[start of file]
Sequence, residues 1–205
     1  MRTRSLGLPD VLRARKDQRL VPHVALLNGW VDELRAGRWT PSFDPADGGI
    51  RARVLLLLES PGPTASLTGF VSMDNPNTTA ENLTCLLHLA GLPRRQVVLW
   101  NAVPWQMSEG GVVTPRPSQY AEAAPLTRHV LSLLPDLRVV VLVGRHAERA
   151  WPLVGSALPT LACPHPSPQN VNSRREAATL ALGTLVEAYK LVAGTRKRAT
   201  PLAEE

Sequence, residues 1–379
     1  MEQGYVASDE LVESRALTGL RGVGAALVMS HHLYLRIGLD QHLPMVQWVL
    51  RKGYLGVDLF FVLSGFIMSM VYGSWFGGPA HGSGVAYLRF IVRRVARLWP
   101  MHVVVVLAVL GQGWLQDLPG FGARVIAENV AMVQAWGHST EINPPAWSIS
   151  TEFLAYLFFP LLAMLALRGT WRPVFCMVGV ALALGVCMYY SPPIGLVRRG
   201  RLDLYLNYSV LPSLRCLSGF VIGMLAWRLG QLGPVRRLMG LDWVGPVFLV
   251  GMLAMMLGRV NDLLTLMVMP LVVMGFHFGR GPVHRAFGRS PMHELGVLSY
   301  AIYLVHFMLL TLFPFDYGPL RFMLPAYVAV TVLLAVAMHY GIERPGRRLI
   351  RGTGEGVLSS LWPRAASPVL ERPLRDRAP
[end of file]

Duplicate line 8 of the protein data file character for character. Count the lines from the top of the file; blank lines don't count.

     1  MEQGYVASDE LVESRALTGL RGVGAALVMS HHLYLRIGLD QHLPMVQWVL